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Structures expert calls for extra sprinkler redundancy

SPRINKLER DESIGN in tall buildings will change significantly as a result of the fire damaged collapse of buildings around the World Trade Center, a leading structural engineering academic told NCE this week.

Dr John Knapton, who has advised twin towers' insurer St Paul's Syndicate in the wake of the disaster, said that sprinkler systems in tall buildings will have to be built with extra redundancy to cover for extreme events such as 11 September.

Following publication of the ASCE/FEMA report into 11 September, Knapton said that sprinkler systems in tall buildings should be designed with separate supply lines so that if one source dries up, another can be used.

Back up generators should also be provided to ensure the system doesn't break down, he added.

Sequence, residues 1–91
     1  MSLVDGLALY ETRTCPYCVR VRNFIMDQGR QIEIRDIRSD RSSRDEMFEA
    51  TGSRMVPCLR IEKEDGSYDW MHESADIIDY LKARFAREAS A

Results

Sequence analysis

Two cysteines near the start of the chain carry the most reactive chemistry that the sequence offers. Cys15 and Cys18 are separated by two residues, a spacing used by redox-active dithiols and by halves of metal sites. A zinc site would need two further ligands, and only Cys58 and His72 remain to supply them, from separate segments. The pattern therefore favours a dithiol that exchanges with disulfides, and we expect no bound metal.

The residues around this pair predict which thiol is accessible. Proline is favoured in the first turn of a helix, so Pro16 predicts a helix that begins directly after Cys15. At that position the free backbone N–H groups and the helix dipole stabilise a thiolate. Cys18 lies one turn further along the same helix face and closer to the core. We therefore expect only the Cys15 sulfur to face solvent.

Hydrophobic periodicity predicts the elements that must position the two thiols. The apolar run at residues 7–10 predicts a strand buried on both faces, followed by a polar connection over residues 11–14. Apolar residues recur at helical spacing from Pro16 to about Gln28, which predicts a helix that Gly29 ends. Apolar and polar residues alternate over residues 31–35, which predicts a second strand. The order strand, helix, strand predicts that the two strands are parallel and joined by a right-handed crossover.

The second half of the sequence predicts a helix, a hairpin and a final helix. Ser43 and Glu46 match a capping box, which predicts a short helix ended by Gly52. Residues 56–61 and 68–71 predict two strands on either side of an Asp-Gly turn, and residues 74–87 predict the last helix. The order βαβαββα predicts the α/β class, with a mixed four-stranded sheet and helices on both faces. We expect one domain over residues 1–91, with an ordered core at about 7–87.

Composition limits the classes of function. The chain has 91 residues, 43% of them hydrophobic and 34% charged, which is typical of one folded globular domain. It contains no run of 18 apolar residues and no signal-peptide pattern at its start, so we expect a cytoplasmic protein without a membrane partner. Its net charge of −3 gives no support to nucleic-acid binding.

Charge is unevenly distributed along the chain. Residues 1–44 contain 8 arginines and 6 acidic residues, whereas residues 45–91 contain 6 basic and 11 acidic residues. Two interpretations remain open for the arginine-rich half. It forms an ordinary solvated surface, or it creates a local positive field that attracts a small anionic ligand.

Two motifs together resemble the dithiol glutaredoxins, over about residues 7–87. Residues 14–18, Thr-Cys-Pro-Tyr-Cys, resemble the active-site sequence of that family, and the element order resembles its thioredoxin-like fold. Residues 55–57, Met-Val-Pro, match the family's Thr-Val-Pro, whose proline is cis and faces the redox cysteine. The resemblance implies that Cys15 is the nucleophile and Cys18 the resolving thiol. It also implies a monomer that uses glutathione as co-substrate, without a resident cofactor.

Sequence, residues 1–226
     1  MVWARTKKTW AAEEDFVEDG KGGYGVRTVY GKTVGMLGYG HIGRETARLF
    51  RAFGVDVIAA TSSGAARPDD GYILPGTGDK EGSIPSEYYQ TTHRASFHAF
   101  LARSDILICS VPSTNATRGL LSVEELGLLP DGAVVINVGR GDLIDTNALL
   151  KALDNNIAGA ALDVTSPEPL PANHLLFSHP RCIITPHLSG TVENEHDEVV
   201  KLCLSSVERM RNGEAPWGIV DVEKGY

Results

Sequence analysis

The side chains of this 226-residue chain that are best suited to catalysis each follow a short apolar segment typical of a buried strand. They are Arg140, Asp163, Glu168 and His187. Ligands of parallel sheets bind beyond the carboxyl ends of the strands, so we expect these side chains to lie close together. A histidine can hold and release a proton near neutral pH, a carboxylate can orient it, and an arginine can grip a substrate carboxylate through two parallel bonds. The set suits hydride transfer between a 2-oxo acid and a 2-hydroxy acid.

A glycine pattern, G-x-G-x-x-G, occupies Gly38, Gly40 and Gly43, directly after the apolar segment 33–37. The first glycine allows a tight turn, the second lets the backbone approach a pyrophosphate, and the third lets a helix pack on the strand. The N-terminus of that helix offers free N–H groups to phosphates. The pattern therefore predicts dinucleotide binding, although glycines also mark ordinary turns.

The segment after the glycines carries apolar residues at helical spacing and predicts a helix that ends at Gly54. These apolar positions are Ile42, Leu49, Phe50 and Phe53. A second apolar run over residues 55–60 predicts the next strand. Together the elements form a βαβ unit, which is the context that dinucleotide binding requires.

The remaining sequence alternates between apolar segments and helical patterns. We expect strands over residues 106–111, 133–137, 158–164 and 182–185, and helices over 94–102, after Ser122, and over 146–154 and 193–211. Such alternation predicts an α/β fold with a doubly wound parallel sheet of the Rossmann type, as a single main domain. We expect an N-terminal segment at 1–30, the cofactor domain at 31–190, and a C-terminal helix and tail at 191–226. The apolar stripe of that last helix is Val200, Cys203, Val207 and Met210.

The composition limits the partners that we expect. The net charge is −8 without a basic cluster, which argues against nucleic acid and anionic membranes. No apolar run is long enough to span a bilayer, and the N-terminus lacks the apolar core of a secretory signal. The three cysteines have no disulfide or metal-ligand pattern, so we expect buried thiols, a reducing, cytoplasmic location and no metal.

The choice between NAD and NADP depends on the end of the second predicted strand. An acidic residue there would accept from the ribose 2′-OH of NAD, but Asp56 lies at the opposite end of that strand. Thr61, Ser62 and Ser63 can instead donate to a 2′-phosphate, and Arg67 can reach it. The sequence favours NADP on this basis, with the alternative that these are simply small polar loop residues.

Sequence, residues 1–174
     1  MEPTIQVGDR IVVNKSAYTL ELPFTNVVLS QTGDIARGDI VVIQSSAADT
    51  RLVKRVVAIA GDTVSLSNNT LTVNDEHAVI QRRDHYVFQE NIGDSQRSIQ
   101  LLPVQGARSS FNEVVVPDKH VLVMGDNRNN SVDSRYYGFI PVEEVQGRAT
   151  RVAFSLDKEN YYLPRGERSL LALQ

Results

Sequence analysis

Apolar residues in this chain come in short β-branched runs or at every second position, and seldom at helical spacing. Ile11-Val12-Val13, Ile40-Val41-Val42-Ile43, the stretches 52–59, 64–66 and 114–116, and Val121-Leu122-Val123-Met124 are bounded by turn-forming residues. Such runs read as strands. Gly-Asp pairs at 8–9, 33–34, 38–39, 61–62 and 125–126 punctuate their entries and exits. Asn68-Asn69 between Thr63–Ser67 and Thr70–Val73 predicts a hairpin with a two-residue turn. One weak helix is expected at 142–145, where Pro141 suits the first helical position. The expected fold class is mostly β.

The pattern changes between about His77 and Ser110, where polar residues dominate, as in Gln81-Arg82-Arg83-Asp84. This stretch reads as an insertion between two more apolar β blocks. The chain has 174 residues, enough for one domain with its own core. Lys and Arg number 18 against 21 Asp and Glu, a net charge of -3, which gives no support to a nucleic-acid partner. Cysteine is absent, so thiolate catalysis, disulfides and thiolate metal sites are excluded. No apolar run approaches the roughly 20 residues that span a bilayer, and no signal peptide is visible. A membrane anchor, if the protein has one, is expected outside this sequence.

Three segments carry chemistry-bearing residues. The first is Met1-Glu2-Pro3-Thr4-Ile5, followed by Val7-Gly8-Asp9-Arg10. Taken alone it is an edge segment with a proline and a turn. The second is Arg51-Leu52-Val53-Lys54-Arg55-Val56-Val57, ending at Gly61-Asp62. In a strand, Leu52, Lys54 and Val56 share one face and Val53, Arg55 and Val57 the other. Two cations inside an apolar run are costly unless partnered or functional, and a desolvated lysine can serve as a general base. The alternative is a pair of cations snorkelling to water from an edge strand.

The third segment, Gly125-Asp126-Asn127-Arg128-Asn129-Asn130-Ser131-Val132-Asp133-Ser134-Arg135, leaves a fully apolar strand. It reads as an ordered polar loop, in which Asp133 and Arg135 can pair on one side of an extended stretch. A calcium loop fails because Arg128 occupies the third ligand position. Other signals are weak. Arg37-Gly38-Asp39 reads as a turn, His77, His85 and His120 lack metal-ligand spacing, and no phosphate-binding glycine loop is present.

'If one pipe is ruptured, there should be an alternative path for the water. Buildings are structurally redundant so why not sprinklers as well, ' said Knapton.

The report says that sprinklers in fire damaged WTC7 on Vesey Street were only of 'light hazard design'. It collapsed just under seven hours after the second twin tower.

Only the core spaces on the fifth floor where the fire started were sprinkler protected.

Sprinklers on floor seven are thought to have run dry. Water on the site was limited because a 500mm water main on Vesey Street burst.

'It did not appear that there would be a sufficient quantity of water to control the growth and spread of the fires on multiple floors, ' says the report.

In the twin towers (WTC 1 and 2) sprinklers installed in 1990 worked but could not stop the fire spreading due to the rapid spread of aviation fuel.

In WTC 4, 5 and 6, the sprinklers 'did not control the fires'. Some sprinkler heads fused and failed to work.

DA

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